I’m staring at not one but two broken windows that have been covered up quite shabbily by wooden boards. On each wooden board is an identical color printout of a bright, cartoonish pastoral scene that is clearly meant to evoke warm and fuzzy emotions; feelings of tranquility and ease. However, it is having the complete opposite affect on me, it’s making my skin crawl as though spiders are all over it. And the question vexes me: Who thought it would be a good idea to cover anything in those condescending pastels in part of a psych ward? This image is seared into the back of my eyelids.
This is my second stay in a hospital psychiatric ward. I make sure to get my card punched again (“the fifth stay is free!”). The place feels like the Ritz-Carlton compared to the last one. Of course, things aren’t like last time. No, this time I knew I would kill myself if I was left alone. Somehow I made it into therapy and vomited up all my emotions. I went in voluntarily. I do give myself some real credit for that.
There’s part of my brain that gets activated when I use drugs and/or alcohol that instantly goes to the darkest place possible, an emotional blackhole, and everything good in my life collapses: I feel completely isolated from my good friends because I isolate myself from my good friends; I become indignant, irrational, and blame anyone but myself for every single stupid problem that isn’t even a real fucking problem to begin with. I turn on the television to cover my manic sobbing attacks that have started coming every fifteen minutes. And then I hear the same thought on a thunderous loop inside my brain for hours on end: “I am a bad person.”
I just realized I never gave you a proper introduction. My name is Sam, I’m an alcoholic and drug addict that was in recovery but slipped and is trying to get sober again. I love blueberry pancakes and can’t stand people that hold their phones on their hands like a Pop-Tart.
In the ward I knew the routine ahead of time. Everything is scheduled: meal times, blood pressure checkups, “structured classes”… no locks, no shoelaces, no privacy, no phone.
The first time it truly felt like a weird hybrid of hospital and prison, because I was there against my own will and had no idea when I would leave. Time stretches forever there, like how watching two minutes of “Big Bang Theory” feels like three years of your life have forever been stolen from you. It’s a little like a casino in that everyone there is sad for extremely different reasons.
I’ve found the best way to pass time is to journal and read books. They always have a “library” consisting of two rows of young adult sci-fi and adult coloring books that previous occupants were nice enough to do all of long before I arrived. But if friends can bring you in some of their favorites, it’s an extemely calming way to pass the hours.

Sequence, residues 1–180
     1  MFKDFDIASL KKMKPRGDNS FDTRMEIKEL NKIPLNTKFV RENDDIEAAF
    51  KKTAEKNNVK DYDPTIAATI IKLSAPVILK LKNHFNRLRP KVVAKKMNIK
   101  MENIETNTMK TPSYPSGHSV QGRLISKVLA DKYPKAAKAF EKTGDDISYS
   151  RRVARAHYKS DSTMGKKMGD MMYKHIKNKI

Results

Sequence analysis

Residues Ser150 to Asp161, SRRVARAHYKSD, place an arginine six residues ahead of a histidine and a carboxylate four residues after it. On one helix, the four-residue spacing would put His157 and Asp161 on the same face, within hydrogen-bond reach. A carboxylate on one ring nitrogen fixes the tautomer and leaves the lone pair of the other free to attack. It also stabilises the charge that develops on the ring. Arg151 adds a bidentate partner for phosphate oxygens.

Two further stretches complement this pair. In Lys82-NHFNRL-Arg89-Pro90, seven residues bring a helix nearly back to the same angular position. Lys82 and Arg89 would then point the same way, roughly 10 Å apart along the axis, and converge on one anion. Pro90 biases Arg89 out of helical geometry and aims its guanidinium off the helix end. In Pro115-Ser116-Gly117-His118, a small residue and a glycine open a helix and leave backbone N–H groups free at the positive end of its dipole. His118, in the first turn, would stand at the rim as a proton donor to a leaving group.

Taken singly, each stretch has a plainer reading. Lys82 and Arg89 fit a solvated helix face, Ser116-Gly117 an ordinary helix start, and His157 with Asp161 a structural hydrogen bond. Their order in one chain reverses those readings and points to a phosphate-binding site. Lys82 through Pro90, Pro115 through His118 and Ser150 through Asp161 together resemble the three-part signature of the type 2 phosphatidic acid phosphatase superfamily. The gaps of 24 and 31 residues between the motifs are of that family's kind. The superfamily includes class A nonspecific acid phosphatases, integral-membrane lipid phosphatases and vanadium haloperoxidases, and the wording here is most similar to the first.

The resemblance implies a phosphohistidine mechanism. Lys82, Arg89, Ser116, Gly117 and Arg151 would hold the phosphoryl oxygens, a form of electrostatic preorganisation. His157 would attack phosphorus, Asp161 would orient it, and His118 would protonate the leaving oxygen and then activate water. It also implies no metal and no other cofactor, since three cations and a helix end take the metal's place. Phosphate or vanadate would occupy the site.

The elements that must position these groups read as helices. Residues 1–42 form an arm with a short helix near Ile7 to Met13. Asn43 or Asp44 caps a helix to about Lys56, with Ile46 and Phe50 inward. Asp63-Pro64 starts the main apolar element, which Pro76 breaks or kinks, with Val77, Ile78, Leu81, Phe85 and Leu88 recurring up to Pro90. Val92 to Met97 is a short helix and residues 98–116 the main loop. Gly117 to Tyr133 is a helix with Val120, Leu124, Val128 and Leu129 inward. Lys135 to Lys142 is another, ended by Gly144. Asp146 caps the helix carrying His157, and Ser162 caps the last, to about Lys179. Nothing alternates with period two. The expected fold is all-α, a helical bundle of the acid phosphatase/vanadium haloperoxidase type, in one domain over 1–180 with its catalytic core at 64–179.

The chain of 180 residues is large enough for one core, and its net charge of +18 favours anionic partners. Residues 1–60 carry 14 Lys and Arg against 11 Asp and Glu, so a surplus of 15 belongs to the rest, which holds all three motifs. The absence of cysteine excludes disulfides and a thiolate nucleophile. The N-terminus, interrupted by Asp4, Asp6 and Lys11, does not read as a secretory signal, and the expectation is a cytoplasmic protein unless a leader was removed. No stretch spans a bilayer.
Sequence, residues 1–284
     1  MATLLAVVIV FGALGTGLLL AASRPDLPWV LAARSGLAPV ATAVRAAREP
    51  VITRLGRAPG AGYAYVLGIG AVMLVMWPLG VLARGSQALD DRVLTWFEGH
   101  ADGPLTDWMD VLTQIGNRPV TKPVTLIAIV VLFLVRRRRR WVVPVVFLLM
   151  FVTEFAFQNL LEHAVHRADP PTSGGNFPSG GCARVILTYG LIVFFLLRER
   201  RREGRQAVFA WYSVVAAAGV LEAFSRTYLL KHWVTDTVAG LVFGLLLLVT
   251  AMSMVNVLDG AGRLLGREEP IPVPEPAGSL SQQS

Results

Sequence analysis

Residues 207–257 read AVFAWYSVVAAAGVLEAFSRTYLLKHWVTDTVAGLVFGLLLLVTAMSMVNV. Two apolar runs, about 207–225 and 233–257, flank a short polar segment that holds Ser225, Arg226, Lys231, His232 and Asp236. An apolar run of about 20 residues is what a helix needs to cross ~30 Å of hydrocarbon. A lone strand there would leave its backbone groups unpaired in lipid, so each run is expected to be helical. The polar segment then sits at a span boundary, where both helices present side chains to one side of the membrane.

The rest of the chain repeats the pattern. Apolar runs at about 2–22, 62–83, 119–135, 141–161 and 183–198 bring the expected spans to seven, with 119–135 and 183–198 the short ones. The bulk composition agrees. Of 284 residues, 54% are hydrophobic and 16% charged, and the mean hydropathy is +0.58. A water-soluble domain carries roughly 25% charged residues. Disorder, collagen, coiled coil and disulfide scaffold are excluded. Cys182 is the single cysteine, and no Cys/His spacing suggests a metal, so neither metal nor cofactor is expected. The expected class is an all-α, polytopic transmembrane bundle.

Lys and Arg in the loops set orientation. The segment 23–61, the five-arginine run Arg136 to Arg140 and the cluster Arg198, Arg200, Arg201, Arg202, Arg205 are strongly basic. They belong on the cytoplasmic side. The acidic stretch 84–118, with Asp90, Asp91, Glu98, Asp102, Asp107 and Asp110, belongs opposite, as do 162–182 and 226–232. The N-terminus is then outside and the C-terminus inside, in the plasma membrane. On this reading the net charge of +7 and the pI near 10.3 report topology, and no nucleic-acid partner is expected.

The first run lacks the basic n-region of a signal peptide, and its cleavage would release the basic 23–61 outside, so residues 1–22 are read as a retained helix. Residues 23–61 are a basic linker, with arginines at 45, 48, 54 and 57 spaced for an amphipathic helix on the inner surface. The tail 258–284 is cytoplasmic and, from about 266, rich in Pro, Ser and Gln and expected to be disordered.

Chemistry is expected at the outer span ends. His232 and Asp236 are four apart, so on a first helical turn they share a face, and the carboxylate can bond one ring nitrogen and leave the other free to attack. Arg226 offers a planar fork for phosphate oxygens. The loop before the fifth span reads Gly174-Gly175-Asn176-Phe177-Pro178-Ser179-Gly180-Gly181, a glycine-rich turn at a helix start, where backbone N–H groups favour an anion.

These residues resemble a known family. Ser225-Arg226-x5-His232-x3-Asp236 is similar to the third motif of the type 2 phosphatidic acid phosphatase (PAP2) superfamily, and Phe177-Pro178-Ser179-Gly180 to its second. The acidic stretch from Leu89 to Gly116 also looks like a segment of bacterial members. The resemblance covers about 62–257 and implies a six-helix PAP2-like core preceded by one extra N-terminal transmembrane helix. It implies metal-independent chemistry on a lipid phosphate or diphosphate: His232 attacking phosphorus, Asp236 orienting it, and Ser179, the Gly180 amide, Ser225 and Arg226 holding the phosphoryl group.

By day two of this visit I had detoxed enough to clear my head and remember all the great people and things in my life. Ideas for plans, fantasizing about suicide, all of that had dissipated. It makes me so happy and so furious at the same time. Clearly, when I’m sober, my depression is manageable with a semi-strict weekly routine consisting of therapy, daily doses of Effexor, Remeron, and Klonopin, daily self-care, mindfulness techniques, and working a program specifically for addicts.
There’s so much shame that I constantly feel again and right now for using but I’m trying to learn not to blame myself WHILE taking ownership of my actions. I’m aware of the contradiction, please and thank you.
Addiction feels like you’re watching yourself drown while you drown. So often you can’t move. You are at the mercy of a force of nature inside you. Addiction knows exactly what to say to you. It casually tells you or it whispers in your ear while twisting you with a knife. It is always there for someone like me. Waiting. I feel like such a small percentage of the population treat addiction OR mental health issues the same way they would any other visible disease. That’s why I write about such personal subjects.
This time I’m not going to go into too much detail about why I relapsed but I will definitely say that it had all of the usual warning signs. Most of which were flashing: I stopped working my recovery program. I stopped talking to my network of sober people on a daily basis. At first, I reverted to people-pleasing and that never ends well for any of the parties. Then I became so selfish and the arrogant bastard I thought I’d gotten rid of was back. But I’ve finally realized that falling off stops hurting once you get back on.
Oh yeah. I almost forgot. The best part of any visit to the psych ward, aside from the bracelets, isn’t when you leave. It’s right before you do. When you have the opportunity to fill out a survey. And during my stays both times, their surveys ended with the same question: “Would you recommend this unit to a friend?”
Yes. Yes I will.
If you are actively thinking about taking suicidal actions now, immediately go to an emergency room. I’ve done it twice and both times it has saved my life.
If you are having suicidal thoughts or ideations, call 1–800–273–8255.
Seek help. You matter.